Recipe

Batch Size: 5.5 gal
SRM: 3.0
White nectarines, onto the peaches!IBU: 6.0
OG: 1.044
FG: 1.011
ABV: 4.3% (ignoring the fruit)
Final pH: 3.46
Brewhouse Efficiency: 70%
Boil Time: 60 Mins

Fermentables
—————–
81.8% – 9 lbs Dingemans Pilsen
18.2% – 2 lbs Quaker Quick Oats
6 lbs White Nectarines – Day 7
4 lbs White Peaches – Day 7

Mash
——-
Mash In – 45 min @ 152F

Hops
——-
1 g Kalsec Tetralone (Iso Extract) @ Kegging

Water
——-
3.00 g Calcium Chloride @ Mash
2.25 g Gypsum @ Mash
2.00 tsp 88% Lactic Acid @ Mash
0.50 tsp 88% Lactic Acid @ Sparge
3.00 tsp 88% Lactic Acid @ Primary

Calcium
Chloride
Sulfate
Sodium
Magnesium
Carbonate
85
75
90
15
10
90

Other
——-
1 Vanilla Bean @ Primary Day 5

Yeast
——-
GoodBelly Straight Shot
SafAle S-04 English Ale

Notes
——-
Brewed 8/26/17

Mash pH initially 5.50 at mash temp with .5 tsp. 5.38… 5.27… 5.12 (~5.37 at room temp). .5 tsp Lactic mixed in with cold sparge water.

Heated to 170F, ran off ~6 gallons of 1.044 runnings through the plate chiller at 85F. Pitched 2 Goodbelly Straight Shots and added 2 tsp of lactic: pH 4.67. 1 tsp more and got it to 4.45. Left at 68F to sour and cool for the brewer’s yeast. Pitched S-04 without rehydration 30 hours after pitching the Lacto. Left at 68F ambient.

8/30/17 Added one vanilla bean, split length-wise.

8/31/17 Down to pH 3.33, but doesn’t taste that acidic.

9/02/17 Added 6 lbs of White Nectarines and 4 lbs of White Peaches (weight before pitting and slicing). Bagged in new nylon knee-highs to contain the pulp.

9/17/17 Kegged, squeezing out the fruit bags. Added 1 g of Tetra hop extract to the keg first mixed with 50 g of beer.

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Brulosophy Brewing Experiments with Marshall Schott – BeerSmith Podcast #159

Brulosophy Brewing Experiments with Marshall Schott – BeerSmith Podcast #159

Marshall Schott from Brulosophy joins me to discuss his ongoing brewing experiments, the Hop Chronicles, Short and Shoddy and his new podcast.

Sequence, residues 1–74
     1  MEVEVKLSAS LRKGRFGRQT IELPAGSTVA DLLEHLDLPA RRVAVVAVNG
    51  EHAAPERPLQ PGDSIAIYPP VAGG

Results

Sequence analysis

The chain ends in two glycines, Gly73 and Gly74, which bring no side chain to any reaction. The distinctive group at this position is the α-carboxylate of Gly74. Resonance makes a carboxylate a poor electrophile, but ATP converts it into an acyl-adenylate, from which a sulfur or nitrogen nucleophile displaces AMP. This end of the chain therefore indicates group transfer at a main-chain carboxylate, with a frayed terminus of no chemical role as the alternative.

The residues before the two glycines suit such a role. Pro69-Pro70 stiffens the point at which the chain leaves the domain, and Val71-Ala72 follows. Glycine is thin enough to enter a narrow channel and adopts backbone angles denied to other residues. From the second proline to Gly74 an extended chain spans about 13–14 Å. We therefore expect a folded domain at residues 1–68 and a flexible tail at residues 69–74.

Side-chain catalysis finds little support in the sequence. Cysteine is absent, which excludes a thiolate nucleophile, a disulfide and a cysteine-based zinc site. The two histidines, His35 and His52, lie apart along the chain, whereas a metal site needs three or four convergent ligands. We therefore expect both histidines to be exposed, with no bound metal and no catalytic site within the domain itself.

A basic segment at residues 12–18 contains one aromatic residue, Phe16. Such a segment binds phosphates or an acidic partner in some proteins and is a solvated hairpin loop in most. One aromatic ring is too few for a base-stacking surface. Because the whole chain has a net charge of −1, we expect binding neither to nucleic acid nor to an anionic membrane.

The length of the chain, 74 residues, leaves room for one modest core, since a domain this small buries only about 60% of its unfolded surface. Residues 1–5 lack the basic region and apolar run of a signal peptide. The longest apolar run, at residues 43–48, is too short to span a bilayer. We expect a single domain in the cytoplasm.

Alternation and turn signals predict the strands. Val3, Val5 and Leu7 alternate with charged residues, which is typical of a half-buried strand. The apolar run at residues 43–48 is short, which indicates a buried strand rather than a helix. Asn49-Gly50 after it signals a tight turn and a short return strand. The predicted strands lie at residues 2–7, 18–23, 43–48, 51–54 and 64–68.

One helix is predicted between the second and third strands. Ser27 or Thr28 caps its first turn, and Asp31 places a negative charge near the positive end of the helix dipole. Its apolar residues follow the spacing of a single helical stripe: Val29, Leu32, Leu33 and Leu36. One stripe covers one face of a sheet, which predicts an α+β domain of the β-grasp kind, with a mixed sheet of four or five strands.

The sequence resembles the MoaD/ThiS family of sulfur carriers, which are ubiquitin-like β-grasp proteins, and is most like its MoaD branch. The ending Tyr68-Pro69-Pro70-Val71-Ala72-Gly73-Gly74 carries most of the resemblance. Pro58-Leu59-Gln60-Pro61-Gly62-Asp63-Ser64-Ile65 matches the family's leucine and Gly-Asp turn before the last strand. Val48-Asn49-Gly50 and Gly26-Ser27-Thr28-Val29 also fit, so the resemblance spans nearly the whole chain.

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Topics in This Week’s Episode (51:58)

  • Today my guest is Marshall Schott from Brulosophy.com. Marshall operates the Brulosophy web site which features 160 small experiments in brewing techniques and ingredients. He also joins me to talk about his new podcast, as well as new projects in “The Hop Chronicles” and “Short and Shoddy”.
  • We start with a discussion of some of his recent “exbeeriments” in brewing – beginning with using a starter versus underpitching his yeast.
  • Next we move on to “squeezing the bag” for brew-in-a-bag.
  • We discuss first wort hops versus a boil hops, and loose vs bagged hops in brewing
  • He shares some recent results regarding mash pH and its effects on beer flavor
  • We talk about his ongoing series on beer fermentation temperatures
  • And also his series on off flavors
  • Marshall shares his thoughts on why so many of the experiments do come out “negative”
  • We discuss one of his new projects called “The Hop Chronicles”
  • Also his new ongoing series on poor brewing techniques called “Short and Shoddy”
  • We also discuss his new podcast called the “Brulosophy podcast” available on his web site.
  • Marshall closes with his closing thoughts after over 160 experiments

Sponsors

Thanks to Marshall Schott for appearing on the show and also to you for listening!

iTunes Announcements: I launched a new video channel for the BeerSmith podcast on iTunes, so subscribe now! At the moment it will only feature the new widescreen episodes (#75 and up). Older episodes are available on my revamped Youtube channel. Also all of my audio episodes are on iTunes now – so grab the older episodes if you missed any.

Thoughts on the Podcast?

Leave me a comment below or visit our discussion forum to leave a comment in the podcast section there.

Subscribe to the Podcast on iTunes or BeerSmith Radio